I’ve been reading Michael Innes’s mysteries in order, and this is his third. The others have been enjoyable, if somewhat academic detective stories, starring a young John Appleby, and I was looking forward to this one. Nothing, however, could have prepared me for the whiplash-inducing structure, peculiar style, and lunatic resolution I found in Lament for a Maker.
Ranald Guthrie, laird of the extremely gloomy castle of Erchany, has two main characteristics: his extreme miserliness, and his fear of death. As he walks through the rat-infested halls of Erchany, he chants the strains of William Dunbar’s medieval dirge — Timor mortis conturbat me — and most of the nearby town of Kinkeig thinks he’s mad. (With reason, you have to admit.) He’s attended by the still more unpleasant Hardcastle couple, and by a “daftie,” Tammas. Two unexpected guests are stranded at Erchany on Christmas Eve (one of whom just happens to be Guthrie’s American heir) only to witness Guthrie’s fall from the top tower in the middle of the night. Was it suicide, accident, or murder?
The structure, to begin with, is reminiscent of Wilkie Collins’s The Moonstone. There are five narrators, each with a distinct voice, and each offers an opinion on the death of Ranald Guthrie. Innes makes each solution seem quite complete and convincing, until (UNTIL) we receive different information with the next narrator’s account. The first narrator, a cobbler, writes in Scots dialect:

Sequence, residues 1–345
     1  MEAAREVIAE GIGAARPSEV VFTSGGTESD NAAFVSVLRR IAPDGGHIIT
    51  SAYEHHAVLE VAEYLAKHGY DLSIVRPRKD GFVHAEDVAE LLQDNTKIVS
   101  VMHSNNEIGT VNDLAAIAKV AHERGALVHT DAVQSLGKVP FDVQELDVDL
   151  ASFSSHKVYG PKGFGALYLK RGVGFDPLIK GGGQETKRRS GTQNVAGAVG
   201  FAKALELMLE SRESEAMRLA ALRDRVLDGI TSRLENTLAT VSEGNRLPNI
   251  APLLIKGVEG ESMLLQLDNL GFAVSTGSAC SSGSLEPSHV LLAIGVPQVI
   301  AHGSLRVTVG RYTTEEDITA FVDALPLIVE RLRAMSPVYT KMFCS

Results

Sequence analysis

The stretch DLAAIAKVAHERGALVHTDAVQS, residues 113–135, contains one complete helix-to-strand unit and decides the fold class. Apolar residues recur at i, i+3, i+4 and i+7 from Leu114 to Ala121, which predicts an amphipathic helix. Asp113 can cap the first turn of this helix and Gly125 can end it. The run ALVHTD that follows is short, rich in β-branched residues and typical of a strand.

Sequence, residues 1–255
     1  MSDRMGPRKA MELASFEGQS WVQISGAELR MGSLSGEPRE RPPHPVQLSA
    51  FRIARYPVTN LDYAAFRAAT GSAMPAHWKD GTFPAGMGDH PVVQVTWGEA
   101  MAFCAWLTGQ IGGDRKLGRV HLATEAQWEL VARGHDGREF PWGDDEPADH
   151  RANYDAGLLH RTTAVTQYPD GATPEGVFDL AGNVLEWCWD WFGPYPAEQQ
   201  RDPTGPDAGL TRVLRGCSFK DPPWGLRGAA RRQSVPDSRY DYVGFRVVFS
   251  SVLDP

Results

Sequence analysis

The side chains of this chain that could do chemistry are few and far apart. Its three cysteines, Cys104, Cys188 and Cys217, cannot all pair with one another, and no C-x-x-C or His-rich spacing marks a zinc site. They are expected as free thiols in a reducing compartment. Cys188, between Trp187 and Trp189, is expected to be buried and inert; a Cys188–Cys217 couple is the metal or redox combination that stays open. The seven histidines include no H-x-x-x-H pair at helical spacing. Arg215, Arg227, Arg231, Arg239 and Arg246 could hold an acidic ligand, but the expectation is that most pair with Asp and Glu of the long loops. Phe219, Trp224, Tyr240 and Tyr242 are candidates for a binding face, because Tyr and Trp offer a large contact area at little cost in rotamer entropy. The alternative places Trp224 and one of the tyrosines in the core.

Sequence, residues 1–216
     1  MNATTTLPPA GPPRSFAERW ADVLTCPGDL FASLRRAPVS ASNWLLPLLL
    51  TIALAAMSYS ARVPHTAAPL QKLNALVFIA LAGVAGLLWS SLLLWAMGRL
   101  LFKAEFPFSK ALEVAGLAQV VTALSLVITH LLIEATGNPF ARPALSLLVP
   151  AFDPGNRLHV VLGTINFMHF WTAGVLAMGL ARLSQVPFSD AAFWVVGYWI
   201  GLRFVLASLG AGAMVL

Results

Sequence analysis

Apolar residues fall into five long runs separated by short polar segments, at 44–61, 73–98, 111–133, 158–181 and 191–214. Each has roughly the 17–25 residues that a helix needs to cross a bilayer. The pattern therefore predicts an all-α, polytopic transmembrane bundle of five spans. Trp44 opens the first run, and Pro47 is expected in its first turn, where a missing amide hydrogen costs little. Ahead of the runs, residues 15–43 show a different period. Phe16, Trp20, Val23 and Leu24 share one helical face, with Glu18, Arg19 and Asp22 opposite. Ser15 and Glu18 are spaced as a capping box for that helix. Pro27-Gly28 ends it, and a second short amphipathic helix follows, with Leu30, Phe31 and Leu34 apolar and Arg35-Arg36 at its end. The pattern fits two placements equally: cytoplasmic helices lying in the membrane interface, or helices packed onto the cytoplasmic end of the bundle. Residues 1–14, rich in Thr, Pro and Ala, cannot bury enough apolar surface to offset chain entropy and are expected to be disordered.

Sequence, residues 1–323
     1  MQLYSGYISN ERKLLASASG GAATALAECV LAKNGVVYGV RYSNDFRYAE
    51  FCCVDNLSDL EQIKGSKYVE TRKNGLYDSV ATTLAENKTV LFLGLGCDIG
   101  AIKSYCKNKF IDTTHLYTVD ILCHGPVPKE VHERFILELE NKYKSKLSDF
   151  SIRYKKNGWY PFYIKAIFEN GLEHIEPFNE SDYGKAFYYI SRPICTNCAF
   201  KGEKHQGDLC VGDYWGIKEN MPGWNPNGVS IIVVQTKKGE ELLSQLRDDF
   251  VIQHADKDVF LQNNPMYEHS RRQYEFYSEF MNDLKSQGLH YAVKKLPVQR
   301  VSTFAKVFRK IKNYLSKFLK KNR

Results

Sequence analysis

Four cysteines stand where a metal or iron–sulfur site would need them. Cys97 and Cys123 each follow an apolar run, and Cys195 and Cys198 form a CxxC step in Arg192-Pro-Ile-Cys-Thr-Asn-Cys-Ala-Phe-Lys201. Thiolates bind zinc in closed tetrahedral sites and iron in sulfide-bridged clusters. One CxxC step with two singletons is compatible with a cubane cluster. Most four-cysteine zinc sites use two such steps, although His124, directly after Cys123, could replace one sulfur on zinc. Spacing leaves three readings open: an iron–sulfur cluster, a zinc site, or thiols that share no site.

Full of criminal law was old Speirs ever since he started stocking Edgar Wallace for Dr. Jervie’s loons, and would air his views every night at the Arms, with a pack of gaupit bothie billies listening to his stite as if it were the wisdom of Solomon.
The second narrator writes in full-fledged Mitfordese, the third in Pompous Lawyer. The fourth is John Appleby himself, and the fifth… well, the fifth would be telling.
I wouldn’t be complaining about this, ordinarily. In fact, it’s kind of fun (except that it took me quite a long time to get past the Scots.) But Innes piles on one plot development after another as well, and eventually, about two-thirds of the way into the book, I was rolling my eyes rather than turning pages with eagerness. This book is so very ornate that it becomes the Dance of the Seven Veils rather than a nice, cleanly-plotted mystery with some sense of character. One of the key pieces of information is actually delivered by a rat dragging it into the room and then dying. Really? Really? And when the final solution to the mystery does appear, it’s so over-the-top that it eclipses even that little bit of the surreal.
Still, I plan to read more of Innes’s mysteries. You have to admire someone who goes all-out crazy in his third book. Maybe in the next Appleby mystery, there’ll be time-travel, or a descendant of Attila the Hun, or a character with an evil spider monkey for a pet. After this, I can’t predict with any certainty, and that’s not something I often run into with mysteries!